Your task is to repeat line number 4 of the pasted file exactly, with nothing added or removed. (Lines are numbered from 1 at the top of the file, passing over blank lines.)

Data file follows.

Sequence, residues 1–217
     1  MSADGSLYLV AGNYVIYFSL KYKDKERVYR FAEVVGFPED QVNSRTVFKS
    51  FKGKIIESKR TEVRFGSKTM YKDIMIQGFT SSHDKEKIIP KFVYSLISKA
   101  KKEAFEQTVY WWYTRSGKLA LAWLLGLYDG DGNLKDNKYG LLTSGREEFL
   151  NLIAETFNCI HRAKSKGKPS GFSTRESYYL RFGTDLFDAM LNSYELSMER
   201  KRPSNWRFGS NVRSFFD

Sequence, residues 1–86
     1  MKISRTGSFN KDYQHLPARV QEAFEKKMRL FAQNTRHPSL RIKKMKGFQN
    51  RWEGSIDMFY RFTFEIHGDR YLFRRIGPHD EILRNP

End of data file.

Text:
   101  KKEAFEQTVY WWYTRSGKLA LAWLLGLYDG DGNLKDNKYG LLTSGREEFL